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Thick-cut vs. Regular Bacon

by Elizabeth Skipper | April 14th, 2015 | Ask the Chef
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bacon (400x400)I’ve seen thick cut bacon at the butcher’s counter. I’m not sure how I’d use it in my cooking instead of the regular bacon that I buy. My concern is that the thickness of it would affect the final product.  Any suggestions?

How do you use regular bacon in your cooking? If it’s just for “bacon and eggs” for breakfast, it makes no difference whether you use regular or thick-cut bacon. You’ll just need to cook it a bit longer. Thinking of the various ways I cook with bacon, here are some thoughts:

For anything wrapped – think asparagus spears, chunks of sweet potatoes, or a piece of protein like fish or chicken livers – you’ll need to stick to thinner slices of bacon. Thicker bacon isn’t flexible enough and will take too long to cook for it to work well. 

Once cooked up, strips of thick bacon won’t crumble into bits easily because it’s meatier and won’t cook up as crisp. You’ll have to chop it with a knife. Thinner bacon can be torn or crumbled by hand. 

If you’re going to cut up the bacon first and then cook it for bacon bits, ask yourself how substantial you want those bacon bits to be. In salad, good size bits (is that an oxymoron?) can be delicious if they’re in keeping with what else goes into the mix; if it’s a delicate salad, maybe not. If you put bacon in biscuits, cornbread, or stuffing, do whatever you like.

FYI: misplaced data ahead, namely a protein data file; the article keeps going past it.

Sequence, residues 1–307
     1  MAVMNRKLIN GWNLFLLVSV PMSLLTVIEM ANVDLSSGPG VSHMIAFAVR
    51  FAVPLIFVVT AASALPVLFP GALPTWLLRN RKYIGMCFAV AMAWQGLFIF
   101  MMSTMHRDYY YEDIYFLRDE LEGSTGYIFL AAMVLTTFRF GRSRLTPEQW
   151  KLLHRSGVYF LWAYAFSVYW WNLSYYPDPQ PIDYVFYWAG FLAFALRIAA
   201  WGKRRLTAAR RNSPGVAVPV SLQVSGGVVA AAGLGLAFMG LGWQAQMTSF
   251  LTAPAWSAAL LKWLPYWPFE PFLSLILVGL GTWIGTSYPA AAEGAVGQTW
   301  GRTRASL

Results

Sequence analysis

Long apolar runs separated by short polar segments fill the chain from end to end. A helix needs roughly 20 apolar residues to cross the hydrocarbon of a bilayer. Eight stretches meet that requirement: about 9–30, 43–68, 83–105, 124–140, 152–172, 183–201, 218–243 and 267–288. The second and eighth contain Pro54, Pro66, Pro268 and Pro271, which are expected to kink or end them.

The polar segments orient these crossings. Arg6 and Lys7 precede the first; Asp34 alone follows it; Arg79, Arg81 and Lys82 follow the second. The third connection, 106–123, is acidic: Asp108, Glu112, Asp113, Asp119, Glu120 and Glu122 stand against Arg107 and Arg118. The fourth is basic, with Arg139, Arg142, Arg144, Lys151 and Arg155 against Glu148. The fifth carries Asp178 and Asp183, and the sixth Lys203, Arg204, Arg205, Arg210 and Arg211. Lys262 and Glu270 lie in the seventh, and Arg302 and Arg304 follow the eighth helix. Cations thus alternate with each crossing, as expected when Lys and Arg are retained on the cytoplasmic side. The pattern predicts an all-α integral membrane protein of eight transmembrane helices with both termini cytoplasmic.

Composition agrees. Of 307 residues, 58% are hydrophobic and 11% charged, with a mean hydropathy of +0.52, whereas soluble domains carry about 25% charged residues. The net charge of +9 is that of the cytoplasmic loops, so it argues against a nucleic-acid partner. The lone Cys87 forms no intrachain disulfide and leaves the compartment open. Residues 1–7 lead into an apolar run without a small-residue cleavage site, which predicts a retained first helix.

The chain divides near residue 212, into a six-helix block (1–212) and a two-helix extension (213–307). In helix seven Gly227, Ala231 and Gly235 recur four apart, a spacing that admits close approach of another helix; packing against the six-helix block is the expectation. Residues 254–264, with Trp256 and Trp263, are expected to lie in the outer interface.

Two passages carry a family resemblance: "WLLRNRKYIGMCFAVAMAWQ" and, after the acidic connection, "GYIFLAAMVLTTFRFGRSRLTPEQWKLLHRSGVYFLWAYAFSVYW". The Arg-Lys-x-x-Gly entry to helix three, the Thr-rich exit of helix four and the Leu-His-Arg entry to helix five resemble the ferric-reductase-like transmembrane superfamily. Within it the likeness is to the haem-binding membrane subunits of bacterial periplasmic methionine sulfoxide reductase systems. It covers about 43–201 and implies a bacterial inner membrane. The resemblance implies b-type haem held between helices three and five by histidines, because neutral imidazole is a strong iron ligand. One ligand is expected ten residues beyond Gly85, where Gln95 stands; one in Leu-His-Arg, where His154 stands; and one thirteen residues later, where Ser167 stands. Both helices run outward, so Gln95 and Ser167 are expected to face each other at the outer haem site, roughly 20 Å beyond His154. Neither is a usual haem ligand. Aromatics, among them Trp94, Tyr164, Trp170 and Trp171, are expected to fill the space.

Any time bacon is going into a mixture that’s going to be piped – a dip, deviled eggs, or cream puff dough – stick with thinner bacon. It’s needlessly frustrating when the pastry bag clogs up with chunks of something; and I’ve had deviled eggs where the fillings were so chunky you couldn’t make two bites of them (and, sorry, even if you can stuff the entire thing in your mouth at one go, you shouldn’t.)

Quiche Lorraine is classically made with bacon, which can be difficult to cut when slicing through the custard. Use either; just be sure the bits are fairly small. In omelettes and frittatas, the same applies.

Sometimes people use bacon in chowders rather than the usual salt pork. If you like the extra smokiness thicker bacon will impart, go for it. It will definitely have a stronger presence in the chowder. The same is true of baked beans, which also are traditionally made with salt pork.

These are some of the ways I cook with bacon which come to mind. I hope this answers your question. And whatever you do, save the bacon fat!

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